Katy N. Lam, Chinese State-Owned Enterprises in West Africa: Triple-embedded Globalization. Abderrezak Adel, Thierry Pairault, and Fatiha Talahite (eds.), La Chine en Algérie. Approches socio-économiques (China in Algeria: Socio-economic approaches).

Abingdon, Oxon & New York, Routledge, 2017.

Paris, MA Editions – ESKA, 2017.

Review by Jean-Pierre Cabestan

These are two quite different books on a now well-known phenomenon: China’s growing imprint in Africa. However, both focus on the economic and social spheres. One analyses the embeddedness of Chinese public enterprises in Ghana and Benin, while the other deals with the longstanding and crucial Sino-Algerian economic partnership. While the two works mainly present different aspects of China’s economic presence in Africa, they contain numerous conclusions that can be of particular interest to political scientists and international relations experts.

Katy Lam’s book, a reworked and abridged doctoral thesis defended at the University of Lausanne in 2015, relies on Karl Polanyi’s embeddedness concept to show how the triple embeddedness of Chinese state enterprises in the social (provincial for most of them), territorial (West Africa – Ghana and Benin), and managerial (their local relational networks) environments structures their globalisation and helps determine their success or failure.

Based on extensive field work in the two countries, this study has much to offer on the strategies of Chinese firms, mainly provincial and often from less affluent regions (such as Gansu and Jiangxi), for growing in size and scale through internationalisation.

The book shows quite clearly how local embeddedness, both territorial and socio-political, was essential for the success of the firms’ long term implantation. In fact, the firms could not have relied on the network of Chinese embassies, which at least at the time of the study were information gatherers rather than service providers for enterprises, including public ones, and even less for mere compatriots. Recall how Chinese diplomats in Accra remained helpless when in 2013 hundreds of Chinese gold miners­—albeit with irregular work permit status—were forcibly expelled from Ghana.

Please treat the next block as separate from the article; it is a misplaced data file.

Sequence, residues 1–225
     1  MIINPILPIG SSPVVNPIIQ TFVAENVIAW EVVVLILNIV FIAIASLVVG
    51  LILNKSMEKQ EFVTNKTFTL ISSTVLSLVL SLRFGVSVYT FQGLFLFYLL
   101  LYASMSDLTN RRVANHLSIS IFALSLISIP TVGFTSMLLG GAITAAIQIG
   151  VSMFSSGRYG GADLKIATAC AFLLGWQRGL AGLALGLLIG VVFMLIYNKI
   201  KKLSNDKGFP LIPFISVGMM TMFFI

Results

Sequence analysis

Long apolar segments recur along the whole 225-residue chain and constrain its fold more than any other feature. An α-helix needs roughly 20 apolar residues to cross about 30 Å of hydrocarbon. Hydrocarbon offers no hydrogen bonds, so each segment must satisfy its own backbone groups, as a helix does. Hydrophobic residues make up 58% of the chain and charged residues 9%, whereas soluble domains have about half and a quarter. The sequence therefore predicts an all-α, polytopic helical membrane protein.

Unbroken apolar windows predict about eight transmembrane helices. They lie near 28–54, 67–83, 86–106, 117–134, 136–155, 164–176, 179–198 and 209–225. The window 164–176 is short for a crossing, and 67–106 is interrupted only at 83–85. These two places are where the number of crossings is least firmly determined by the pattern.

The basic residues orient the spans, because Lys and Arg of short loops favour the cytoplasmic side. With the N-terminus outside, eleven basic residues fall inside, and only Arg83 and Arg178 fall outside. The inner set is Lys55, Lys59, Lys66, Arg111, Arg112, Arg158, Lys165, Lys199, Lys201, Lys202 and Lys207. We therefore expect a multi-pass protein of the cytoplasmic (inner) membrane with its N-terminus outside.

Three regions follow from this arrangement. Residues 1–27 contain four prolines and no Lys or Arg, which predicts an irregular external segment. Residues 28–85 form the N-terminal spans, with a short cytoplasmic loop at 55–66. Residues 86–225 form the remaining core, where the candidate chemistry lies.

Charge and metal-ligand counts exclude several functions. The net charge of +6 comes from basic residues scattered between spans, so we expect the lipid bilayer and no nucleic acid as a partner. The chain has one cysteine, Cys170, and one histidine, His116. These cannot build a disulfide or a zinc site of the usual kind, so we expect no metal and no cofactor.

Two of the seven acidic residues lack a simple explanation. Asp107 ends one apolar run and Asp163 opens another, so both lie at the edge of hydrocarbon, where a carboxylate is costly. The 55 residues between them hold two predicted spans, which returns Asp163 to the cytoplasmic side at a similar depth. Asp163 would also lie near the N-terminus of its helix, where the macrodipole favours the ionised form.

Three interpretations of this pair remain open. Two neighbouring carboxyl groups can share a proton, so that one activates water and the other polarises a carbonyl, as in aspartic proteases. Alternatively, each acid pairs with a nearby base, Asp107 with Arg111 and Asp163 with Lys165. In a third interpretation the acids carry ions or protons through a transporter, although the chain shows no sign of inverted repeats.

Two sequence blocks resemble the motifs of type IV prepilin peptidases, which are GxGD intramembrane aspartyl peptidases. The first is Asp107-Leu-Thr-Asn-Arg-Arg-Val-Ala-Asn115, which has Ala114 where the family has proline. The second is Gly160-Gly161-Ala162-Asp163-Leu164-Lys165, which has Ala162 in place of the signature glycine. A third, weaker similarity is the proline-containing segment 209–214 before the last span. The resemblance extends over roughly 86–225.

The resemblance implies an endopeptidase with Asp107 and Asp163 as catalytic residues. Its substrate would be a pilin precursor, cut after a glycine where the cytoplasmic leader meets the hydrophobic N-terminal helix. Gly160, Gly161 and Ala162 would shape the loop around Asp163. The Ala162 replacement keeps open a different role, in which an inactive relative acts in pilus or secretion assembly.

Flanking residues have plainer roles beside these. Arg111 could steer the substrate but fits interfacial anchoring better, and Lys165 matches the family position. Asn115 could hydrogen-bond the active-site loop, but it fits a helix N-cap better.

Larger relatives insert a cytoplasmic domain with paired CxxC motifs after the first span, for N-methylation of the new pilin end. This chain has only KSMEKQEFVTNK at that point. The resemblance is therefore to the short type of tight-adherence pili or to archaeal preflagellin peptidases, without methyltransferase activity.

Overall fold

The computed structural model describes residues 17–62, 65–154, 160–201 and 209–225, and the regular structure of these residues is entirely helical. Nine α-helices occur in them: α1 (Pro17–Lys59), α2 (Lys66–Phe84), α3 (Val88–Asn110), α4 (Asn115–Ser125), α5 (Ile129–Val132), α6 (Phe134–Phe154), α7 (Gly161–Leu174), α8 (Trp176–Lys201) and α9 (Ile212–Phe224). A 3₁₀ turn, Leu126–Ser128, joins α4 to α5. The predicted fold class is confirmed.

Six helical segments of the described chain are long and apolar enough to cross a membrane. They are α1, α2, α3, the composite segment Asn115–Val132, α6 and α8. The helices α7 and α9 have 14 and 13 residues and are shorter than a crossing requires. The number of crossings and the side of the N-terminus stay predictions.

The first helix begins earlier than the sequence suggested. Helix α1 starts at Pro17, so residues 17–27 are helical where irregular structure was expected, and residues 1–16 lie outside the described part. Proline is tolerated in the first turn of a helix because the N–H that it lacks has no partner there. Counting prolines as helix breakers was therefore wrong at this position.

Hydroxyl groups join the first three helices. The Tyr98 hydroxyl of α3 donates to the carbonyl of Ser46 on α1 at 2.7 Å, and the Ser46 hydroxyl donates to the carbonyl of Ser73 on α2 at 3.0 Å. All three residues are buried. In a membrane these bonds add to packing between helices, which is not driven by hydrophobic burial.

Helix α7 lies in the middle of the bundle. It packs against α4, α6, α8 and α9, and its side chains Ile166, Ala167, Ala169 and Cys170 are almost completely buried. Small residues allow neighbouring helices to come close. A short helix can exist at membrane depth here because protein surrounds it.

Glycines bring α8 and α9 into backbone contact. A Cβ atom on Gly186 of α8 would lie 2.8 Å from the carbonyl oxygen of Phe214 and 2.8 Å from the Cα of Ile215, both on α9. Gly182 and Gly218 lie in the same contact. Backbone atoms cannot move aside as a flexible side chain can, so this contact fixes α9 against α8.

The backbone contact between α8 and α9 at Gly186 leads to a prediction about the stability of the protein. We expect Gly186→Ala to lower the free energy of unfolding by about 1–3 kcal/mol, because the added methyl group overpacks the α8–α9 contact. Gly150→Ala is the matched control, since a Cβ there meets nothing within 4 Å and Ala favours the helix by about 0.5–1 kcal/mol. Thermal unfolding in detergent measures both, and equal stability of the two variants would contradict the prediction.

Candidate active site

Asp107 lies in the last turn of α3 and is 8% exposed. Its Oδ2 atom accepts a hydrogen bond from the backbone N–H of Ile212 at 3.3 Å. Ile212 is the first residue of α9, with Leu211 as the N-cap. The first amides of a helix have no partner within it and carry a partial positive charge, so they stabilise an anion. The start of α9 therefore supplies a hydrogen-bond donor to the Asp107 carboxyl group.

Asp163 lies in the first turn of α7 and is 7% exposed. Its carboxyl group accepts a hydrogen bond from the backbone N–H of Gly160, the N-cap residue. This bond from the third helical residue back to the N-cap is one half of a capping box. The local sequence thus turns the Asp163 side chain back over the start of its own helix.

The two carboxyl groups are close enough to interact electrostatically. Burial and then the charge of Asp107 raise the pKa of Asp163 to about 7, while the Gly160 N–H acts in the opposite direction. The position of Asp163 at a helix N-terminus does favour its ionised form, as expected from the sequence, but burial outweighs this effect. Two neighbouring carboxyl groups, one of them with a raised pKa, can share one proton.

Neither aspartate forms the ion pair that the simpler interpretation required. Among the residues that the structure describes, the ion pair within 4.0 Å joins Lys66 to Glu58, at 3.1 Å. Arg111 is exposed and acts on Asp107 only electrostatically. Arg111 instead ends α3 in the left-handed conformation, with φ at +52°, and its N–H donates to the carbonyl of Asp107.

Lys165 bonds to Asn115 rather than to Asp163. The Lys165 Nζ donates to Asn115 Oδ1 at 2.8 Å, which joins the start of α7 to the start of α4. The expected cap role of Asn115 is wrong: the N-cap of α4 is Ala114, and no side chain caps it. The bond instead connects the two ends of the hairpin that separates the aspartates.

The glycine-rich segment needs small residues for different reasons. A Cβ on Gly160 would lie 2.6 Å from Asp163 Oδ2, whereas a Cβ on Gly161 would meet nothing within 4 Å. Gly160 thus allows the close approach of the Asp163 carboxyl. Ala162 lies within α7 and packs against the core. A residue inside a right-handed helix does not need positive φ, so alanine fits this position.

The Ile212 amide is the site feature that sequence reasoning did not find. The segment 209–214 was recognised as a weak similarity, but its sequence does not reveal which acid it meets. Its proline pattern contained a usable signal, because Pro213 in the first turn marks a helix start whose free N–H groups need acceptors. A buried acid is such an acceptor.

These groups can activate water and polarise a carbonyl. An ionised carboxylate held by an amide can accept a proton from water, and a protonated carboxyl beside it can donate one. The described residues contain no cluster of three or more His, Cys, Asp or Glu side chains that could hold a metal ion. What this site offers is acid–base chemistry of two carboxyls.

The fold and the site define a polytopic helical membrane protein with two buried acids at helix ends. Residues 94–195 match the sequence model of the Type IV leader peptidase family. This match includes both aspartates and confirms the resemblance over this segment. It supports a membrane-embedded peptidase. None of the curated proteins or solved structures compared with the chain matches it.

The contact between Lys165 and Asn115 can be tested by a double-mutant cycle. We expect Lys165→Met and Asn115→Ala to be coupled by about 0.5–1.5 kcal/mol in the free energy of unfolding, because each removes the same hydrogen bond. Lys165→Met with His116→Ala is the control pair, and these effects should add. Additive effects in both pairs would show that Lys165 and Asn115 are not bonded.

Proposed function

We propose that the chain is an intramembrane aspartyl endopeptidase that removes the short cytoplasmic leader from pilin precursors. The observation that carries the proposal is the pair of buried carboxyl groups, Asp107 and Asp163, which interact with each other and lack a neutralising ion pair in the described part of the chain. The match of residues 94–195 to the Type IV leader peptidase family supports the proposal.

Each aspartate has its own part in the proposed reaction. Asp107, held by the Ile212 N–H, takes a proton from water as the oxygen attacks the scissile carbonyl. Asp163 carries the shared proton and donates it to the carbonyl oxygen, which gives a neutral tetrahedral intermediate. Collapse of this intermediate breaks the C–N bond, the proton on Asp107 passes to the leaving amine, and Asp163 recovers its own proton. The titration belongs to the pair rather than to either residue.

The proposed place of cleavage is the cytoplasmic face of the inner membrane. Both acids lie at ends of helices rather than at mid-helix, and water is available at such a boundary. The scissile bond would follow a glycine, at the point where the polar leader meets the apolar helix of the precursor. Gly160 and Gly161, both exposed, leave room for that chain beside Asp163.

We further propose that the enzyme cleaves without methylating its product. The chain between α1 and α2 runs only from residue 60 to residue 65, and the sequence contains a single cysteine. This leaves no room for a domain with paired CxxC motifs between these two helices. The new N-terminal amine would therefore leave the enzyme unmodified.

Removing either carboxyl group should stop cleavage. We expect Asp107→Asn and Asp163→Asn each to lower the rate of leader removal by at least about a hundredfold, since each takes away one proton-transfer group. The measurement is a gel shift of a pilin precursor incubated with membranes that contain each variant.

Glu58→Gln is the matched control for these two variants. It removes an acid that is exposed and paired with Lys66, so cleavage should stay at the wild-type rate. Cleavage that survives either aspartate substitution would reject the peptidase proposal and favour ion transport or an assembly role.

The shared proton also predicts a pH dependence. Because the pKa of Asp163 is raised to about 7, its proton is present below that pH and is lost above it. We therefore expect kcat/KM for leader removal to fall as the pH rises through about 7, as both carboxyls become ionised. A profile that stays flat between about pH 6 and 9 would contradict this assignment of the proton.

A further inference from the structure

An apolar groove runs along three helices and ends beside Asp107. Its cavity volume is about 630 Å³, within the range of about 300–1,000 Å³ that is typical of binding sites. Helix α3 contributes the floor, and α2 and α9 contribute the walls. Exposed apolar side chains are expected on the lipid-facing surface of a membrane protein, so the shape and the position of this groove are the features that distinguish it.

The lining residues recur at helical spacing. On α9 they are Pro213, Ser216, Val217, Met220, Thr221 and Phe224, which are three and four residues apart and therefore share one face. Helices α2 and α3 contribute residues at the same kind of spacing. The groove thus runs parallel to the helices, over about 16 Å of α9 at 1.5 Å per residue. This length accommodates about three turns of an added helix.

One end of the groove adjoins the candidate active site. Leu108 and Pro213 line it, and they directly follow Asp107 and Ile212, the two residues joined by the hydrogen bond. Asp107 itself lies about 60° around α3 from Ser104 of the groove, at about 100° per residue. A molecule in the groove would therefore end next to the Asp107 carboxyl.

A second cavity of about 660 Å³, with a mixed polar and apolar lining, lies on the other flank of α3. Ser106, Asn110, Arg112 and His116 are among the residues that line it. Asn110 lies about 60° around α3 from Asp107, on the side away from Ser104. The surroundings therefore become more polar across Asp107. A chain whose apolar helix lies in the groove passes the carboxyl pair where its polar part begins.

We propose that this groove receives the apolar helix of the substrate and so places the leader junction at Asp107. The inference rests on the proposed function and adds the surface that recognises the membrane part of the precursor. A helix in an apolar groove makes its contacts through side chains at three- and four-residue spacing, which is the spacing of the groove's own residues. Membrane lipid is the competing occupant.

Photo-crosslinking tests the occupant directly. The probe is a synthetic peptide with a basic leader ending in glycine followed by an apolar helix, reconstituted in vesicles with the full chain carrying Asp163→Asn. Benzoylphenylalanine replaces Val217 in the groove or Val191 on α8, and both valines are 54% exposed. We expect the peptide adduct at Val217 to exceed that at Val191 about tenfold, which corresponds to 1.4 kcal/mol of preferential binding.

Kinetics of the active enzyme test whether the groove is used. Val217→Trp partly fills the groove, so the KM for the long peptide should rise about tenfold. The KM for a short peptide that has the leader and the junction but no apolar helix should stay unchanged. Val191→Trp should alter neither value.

The integration of Chinese state enterprises into local socio-economic environments takes time and perseverance. The Ghana-China Golf Club’s role in fostering trustworthy ties with local elites (pp. 127-128) is noteworthy in this regard, but not exceptional (the same phenomenon having been noted by this reviewer elsewhere, such as in Yaounde, Cameroon).

More surprisingly but instructively, according to Lam, small and medium enterprises have greater chances of success than national behemoths such as Sinohydro or China Railways Group. When the latter are present, it is generally through their provincial subsidiaries in Hunan, Guizhou, or Anhui.

Funding sources for Chinese projects in Ghana and Benin are more diverse than might seem at first: relatively modest projects are often financed by international institutions such as the World Bank or foreign aid agencies, while bigger ones are backed by loans from Exim Bank or Beijing. Ghana, for instance, received three billion dollars from China Development Bank in 2010.

This loan stoked much controversy locally: while it did not help the opposition in the 2012 elections, incumbent president John Mahama having easily benefited from the sudden death of his predecessor John Evan Atta Mills a few months earlier, it highlighted how China had become enmeshed in Africa’s internal politics, in Ghana as in many other African states.

Characteristically as in many other countries, Chinese public enterprises compete with each other in Ghana and Benin as well, complicating the Chinese state’s work and opening options for local actors; relations with the local administration and society are fraught with pitfalls that only grow because of the language barrier; workforce localisation that is necessary for cost reasons and already high (about 80%) is not as simple a process as might be assumed; finally, Chinese expatriate cadres hope to gain some form of social advancement from their experience.

Lam’s use of the “retreat of the Chinese state” notion (pp. 148-149) can be disputed, given that provincial public enterprises are an integral part of the local state and contribute towards their provincial government’s foreign policy. Similarly, the advantages enjoyed by SMEs can be debated: major national enterprises have bigger purses than small companies, and determine their implantation abroad relying on politico-strategic as well as economic factors. In addition, it is regrettable that there is insufficient political contextualising of the adventure of Chinese state enterprises in Ghana and Benin.

However, Lam is persuasive while describing Chinese implantation in West Africa as a form of second-class globalisation (pp. 148-155). This is a globalisation of small firms, from the bottom up in a way, enjoying little support from the Chinese government, especially in financial terms. Such globalisation has generally benefited these firms.